Turkey’s Minister of Foreign Affairs Mevlut Cavusoglu arrives at a meeting to discuss the Rohingya situation during the United Nations General Assembly in New York City, U.S. September 18, 2017. REUTERS/Stephanie Keith
December 13, 2017
By Tuvan Gumrukcu and Parisa Hafezi
ANKARA/ISTANBUL (Reuters) – Turkey criticized what it said was a feeble Arab reaction to the U.S. decision to recognize Jerusalem as Israel’s capital, saying on the eve of Wednesday’s Muslim summit in Istanbul that some Arab countries were scared of angering Washington.
President Tayyip Erdogan, who has accused the United States of ignoring Palestinian claims to Israeli-occupied east Jerusalem and “trampling on international law”, has invited leaders from more than 50 Muslim countries to agree a response.
Jerusalem, revered by Jews, Christians and Muslims alike, is home to Islam’s third holiest site and has been at the heart of Israeli-Palestinian conflict for decades.
U.S. President Donald Trump’s announcement last week recognizing the city as Israel’s capital angered many Muslim countries, but few governments have matched Turkey’s warning that it would plunge the world “into a fire with no end”.
Several countries had still not said who they would send to Istanbul, a Turkish minister said.
“Some Arab countries have shown very weak responses (on Jerusalem),” Foreign Minister Mevlut Cavusoglu said. “It seems some countries are very timid of the United States.”
He said Egypt and the United Arab Emirates would send foreign ministers while Saudi Arabia had yet to say how it would participate. All three countries have delicate ties with Turkey, seeing links between the policies of Erdogan’s Islamist-rooted ruling AK Party and regional Islamist movements they oppose.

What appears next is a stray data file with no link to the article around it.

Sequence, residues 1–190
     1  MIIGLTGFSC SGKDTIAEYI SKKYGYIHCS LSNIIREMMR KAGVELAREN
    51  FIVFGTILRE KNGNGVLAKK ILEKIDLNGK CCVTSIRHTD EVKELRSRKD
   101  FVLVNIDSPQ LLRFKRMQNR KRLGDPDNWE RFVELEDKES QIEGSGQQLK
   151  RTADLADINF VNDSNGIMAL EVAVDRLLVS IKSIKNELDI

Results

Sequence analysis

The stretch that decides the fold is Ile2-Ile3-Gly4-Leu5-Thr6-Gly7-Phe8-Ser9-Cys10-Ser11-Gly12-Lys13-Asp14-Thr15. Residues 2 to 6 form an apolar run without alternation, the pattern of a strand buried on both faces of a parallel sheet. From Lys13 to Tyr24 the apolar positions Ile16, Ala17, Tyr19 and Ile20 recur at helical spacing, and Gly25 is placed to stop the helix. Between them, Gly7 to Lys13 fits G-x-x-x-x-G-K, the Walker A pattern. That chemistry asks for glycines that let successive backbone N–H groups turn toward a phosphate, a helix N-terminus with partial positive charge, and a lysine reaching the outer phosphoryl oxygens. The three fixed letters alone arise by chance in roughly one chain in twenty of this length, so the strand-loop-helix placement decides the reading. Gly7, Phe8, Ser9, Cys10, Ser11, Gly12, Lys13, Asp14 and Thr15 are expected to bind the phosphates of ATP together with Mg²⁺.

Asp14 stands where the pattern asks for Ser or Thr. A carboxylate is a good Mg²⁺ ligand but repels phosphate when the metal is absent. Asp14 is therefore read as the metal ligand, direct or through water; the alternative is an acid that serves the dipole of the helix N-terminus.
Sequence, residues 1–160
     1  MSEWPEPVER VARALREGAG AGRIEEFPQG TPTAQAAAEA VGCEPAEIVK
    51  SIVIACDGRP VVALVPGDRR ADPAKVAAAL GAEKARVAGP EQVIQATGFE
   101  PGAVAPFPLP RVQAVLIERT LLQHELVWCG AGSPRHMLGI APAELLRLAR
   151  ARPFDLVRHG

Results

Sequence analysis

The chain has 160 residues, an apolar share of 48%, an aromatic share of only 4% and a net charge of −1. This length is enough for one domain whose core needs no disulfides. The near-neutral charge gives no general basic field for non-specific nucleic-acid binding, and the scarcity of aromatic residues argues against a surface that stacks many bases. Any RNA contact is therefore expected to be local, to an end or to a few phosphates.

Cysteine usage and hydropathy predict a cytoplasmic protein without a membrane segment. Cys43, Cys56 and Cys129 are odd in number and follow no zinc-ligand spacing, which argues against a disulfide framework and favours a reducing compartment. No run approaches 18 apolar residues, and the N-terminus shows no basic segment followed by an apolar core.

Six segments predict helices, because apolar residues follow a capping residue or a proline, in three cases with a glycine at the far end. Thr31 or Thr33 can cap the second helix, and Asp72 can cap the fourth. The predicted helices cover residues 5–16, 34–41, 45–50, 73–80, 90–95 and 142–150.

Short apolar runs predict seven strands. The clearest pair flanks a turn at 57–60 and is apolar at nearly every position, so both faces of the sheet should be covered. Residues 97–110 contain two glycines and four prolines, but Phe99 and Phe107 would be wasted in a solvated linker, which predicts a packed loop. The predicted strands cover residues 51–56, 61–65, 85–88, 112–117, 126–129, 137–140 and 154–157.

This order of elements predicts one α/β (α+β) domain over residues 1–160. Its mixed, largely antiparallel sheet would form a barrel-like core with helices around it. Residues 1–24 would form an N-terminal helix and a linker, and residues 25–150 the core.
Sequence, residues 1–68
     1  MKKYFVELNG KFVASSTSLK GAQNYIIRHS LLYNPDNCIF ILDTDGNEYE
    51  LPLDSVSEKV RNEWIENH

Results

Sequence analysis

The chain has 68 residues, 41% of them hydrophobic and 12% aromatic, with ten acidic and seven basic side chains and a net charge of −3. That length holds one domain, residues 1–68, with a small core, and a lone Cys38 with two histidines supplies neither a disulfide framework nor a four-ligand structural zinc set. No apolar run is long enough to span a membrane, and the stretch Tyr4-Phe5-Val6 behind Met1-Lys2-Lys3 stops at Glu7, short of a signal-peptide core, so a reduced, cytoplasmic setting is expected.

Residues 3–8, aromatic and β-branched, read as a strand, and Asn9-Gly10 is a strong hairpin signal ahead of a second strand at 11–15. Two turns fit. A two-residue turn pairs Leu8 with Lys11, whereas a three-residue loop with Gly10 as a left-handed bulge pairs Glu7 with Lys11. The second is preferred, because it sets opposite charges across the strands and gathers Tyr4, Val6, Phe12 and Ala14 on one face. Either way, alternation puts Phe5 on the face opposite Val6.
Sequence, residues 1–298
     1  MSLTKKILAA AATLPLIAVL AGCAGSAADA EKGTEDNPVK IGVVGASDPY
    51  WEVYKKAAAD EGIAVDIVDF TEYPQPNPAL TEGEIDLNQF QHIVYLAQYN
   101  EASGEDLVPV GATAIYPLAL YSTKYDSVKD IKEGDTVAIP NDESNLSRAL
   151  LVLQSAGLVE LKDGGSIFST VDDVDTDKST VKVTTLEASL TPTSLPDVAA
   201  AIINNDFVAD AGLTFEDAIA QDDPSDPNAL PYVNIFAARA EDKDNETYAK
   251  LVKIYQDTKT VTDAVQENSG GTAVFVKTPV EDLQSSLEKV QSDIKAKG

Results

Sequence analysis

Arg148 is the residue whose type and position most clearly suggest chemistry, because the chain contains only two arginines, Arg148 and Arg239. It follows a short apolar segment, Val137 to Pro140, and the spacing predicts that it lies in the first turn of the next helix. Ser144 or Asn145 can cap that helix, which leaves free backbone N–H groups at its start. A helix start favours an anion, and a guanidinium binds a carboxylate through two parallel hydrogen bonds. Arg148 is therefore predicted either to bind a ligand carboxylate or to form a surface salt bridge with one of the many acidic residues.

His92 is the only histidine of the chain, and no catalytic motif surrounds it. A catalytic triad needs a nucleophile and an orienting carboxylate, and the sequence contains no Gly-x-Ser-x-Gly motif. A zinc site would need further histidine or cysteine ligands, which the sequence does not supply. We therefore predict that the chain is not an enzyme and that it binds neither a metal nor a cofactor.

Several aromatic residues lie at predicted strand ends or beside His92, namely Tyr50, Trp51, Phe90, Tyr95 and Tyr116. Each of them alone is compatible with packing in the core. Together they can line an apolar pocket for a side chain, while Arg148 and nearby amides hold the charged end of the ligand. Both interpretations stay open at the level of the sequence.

Other countries had also not said who they would send, Cavusoglu said, adding that the meeting of Organisation of Islamic Cooperation countries must stand up to what he called Washington’s “I am a super power, I can do anything” mentality.
“We will make a call for countries that have so far not recognized Palestine to do so now,” he said. “…We want the United States to turn back from its mistake.”
PROTESTS AND CLASHES
Trump’s announcement triggered days of protests across the Muslim world and clashes between Palestinians and Israeli security forces in the West Bank, Gaza and East Jerusalem.
Israel captured Arab East Jerusalem in the 1967 Middle East war and later annexed it, an action not recognized internationally.
On Monday, tens of thousands of demonstrators took to the streets in Beirut to protest at a march backed by Hezbollah, the heavily armed Iran-backed Shi’ite group whose leader called last week for a new Palestinian uprising against Israel.
Iranian President Hassan Rouhani, who is expected to attend the Istanbul summit, said his country supported a new uprising against Israel to “safeguard the Palestinian people’s rights”.
Rouhani said Muslim countries would “undoubtedly voice their protest to the world” at Wednesday’s meeting.
Iran supports several anti-Israel militant groups. The mainly Shi’ite country is also competing for power and influence in the Middle East with predominantly Sunni Muslim Saudi Arabia, a close U.S. ally.
Iranian Defence Minister Amir Hatami said Trump’s decision would strengthen Israel, and accused some Muslim states of cooperating covertly with the Israeli government.
“We strongly believe that this decision is the result of interaction between Israel and some Muslim countries,” he told his Turkish counterpart in a telephone call on Tuesday, Iran’s semi-official Tasnim news agency reported.
Qassem Soleimani, head of the branch of the Revolutionary Guards that oversees operations outside Iran, pledged “complete support for Palestinian Islamic resistance movements” on Monday.
The Trump administration says it remains committed to reaching peace between Israel and the Palestinians and its decision does not affect Jerusalem’s future borders or status.
It says any credible future peace deal will place the Israeli capital in Jerusalem, and ditching old policies is needed to revive a peace process frozen since 2014.
(Writing by Dominic Evans; Editing by Raissa Kasolowsky)